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33 Responses to Socolow Re-Reaffirms 2004 ‘Wedges’ Paper, Urges ‘Monumental’ Levels of Clean Energy Deployment ASAP

  1. Davos says:

    Unfortunately, would you agree that you might have to be closer to having a monarchy to get the sort of rapid deployment that is sought?

    I know I’ve brought this up a few times, but the fact remains that simple due process afforded to all citizens to reject and appeal these installations is one of the primary reasons why these wedges are more ‘pie in the sky’ than you might be willing to admit.

    [In America anyway, for the Chinese, it's all simple]

    Until you can find enough places where not one single environmentalist will be opposed to themselves living next to a biomass, natural gas, or wind farm (etc.) … How can it work??

    Just take the Yucca Mountain project as an example. If we can’t agree on a single place to store Nuclear Waste, and a plan can be derailed by things like “doesn’t have a proper plan for what happens 10,000 years from now”… How can we POSSIBLY achieve this ‘rapid’ or ‘massive’ deployment without eliminating or restricting due process for NIMBY environmentalists?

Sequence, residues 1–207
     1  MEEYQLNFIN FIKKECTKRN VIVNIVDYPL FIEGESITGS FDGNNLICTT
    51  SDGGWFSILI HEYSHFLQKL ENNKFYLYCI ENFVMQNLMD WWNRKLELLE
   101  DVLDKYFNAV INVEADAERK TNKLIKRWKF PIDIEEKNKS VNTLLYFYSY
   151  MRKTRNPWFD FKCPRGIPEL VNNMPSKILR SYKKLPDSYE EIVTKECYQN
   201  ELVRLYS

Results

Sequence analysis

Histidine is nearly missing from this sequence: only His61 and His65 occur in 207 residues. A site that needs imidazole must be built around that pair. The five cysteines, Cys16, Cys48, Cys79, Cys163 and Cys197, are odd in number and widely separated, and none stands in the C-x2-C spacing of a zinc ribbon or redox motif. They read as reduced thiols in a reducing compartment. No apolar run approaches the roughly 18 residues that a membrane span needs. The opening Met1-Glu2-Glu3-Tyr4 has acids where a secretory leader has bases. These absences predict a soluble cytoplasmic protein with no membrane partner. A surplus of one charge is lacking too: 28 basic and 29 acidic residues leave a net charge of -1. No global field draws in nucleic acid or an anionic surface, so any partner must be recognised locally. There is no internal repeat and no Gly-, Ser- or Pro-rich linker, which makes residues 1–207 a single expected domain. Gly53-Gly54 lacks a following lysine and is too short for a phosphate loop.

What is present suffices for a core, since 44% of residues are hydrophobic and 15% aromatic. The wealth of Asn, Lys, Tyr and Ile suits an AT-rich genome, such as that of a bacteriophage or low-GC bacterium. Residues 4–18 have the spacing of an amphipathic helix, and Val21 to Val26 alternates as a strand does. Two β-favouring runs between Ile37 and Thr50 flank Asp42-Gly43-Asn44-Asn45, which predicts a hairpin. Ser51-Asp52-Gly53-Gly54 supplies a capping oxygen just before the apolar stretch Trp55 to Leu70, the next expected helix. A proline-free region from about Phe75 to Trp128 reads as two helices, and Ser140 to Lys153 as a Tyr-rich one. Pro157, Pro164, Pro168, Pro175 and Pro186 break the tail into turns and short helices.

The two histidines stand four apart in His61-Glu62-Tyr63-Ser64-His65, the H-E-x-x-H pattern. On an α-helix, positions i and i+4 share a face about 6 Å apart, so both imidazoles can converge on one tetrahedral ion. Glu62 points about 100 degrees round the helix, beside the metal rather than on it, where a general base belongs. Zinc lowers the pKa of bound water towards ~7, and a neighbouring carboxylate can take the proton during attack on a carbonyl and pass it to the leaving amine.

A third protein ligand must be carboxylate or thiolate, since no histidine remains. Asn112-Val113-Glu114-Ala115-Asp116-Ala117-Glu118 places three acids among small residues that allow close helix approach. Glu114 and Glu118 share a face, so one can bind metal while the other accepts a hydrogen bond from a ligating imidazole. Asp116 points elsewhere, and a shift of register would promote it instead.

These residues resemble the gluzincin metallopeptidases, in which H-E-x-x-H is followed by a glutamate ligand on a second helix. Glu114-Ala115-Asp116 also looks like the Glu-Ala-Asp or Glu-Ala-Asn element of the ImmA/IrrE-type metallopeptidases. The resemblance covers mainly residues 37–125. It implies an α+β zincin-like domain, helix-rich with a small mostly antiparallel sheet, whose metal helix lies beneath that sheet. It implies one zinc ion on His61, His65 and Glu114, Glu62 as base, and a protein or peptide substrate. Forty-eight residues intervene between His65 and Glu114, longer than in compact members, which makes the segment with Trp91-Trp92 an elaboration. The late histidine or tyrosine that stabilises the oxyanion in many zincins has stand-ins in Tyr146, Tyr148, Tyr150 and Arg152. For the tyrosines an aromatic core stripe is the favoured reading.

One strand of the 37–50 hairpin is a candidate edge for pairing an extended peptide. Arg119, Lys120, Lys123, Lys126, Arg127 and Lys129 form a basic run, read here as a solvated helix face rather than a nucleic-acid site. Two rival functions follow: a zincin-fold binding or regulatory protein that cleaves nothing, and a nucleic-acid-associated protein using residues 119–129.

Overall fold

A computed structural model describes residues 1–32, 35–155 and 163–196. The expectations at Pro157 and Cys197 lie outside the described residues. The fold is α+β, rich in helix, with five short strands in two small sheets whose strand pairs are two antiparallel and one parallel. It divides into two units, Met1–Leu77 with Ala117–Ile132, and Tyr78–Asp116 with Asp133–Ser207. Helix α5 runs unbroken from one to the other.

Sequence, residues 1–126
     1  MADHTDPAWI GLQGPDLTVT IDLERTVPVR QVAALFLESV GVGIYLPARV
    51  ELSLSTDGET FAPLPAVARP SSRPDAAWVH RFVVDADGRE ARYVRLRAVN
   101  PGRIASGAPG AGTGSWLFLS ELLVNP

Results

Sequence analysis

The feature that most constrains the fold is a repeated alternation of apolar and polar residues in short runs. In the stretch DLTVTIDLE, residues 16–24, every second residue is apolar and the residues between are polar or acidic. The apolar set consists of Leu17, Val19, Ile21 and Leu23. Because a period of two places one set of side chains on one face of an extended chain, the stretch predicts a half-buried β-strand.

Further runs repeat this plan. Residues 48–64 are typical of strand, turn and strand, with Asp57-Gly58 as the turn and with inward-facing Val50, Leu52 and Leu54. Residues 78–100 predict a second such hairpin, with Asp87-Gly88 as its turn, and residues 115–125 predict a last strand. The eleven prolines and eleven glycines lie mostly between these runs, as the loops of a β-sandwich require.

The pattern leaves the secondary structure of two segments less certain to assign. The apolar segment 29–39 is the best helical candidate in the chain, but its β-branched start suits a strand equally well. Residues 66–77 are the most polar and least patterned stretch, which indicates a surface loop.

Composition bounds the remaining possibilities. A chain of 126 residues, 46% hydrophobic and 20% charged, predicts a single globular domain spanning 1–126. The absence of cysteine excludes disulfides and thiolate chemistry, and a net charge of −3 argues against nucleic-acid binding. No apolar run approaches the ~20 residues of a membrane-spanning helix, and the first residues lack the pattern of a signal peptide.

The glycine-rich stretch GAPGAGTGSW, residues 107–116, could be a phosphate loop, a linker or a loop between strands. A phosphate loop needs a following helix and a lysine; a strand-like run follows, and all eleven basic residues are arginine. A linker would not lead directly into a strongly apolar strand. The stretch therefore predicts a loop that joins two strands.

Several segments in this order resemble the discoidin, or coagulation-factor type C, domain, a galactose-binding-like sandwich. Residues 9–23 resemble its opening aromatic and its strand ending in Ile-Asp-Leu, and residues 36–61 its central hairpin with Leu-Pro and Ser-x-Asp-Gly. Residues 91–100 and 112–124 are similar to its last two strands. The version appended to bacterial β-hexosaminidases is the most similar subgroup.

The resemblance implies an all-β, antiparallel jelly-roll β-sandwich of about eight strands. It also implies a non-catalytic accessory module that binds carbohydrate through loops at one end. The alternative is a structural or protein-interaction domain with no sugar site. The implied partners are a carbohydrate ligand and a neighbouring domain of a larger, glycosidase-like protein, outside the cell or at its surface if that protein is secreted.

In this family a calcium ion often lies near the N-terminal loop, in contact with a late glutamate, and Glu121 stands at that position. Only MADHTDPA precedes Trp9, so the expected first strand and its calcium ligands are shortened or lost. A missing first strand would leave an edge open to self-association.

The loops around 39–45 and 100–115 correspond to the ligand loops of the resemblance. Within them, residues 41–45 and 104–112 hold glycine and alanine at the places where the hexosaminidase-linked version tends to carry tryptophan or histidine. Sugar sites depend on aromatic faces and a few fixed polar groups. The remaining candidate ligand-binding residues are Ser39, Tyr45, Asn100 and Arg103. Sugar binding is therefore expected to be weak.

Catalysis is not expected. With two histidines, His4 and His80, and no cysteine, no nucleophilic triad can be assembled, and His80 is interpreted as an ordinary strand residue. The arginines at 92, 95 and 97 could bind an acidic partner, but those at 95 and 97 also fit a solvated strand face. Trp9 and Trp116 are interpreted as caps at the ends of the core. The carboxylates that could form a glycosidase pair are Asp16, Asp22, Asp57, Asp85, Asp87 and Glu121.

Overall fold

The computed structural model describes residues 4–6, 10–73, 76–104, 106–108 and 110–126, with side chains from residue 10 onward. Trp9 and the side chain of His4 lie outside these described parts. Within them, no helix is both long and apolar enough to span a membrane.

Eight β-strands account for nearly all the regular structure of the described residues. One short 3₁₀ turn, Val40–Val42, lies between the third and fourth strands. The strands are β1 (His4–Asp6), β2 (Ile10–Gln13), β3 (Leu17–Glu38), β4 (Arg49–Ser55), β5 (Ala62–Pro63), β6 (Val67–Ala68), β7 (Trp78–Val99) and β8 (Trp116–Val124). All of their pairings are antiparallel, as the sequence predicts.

With nuclear, biomass, and natural gas all getting falling grades among those who they are built near, this demands at least some sort of a reality check.

    • Wonhyo says:

      Lots of good points, there. The situation with nuclear waste is it’s probably already too late find an effective solution. We should have thought about and solved the waste disposal problem before we started producing that waste.

      Sadly, climate is in a similar state. There is a huge gap between the solutions that have a chance of actually stabilizing the climate, and the solutions that have a chance of political acceptance. Sadly, even the most ardent advocates of climate action are starting with what might be politically acceptable, rather than insisting on what nature requires. This is no way to negotiate a way to save humankind.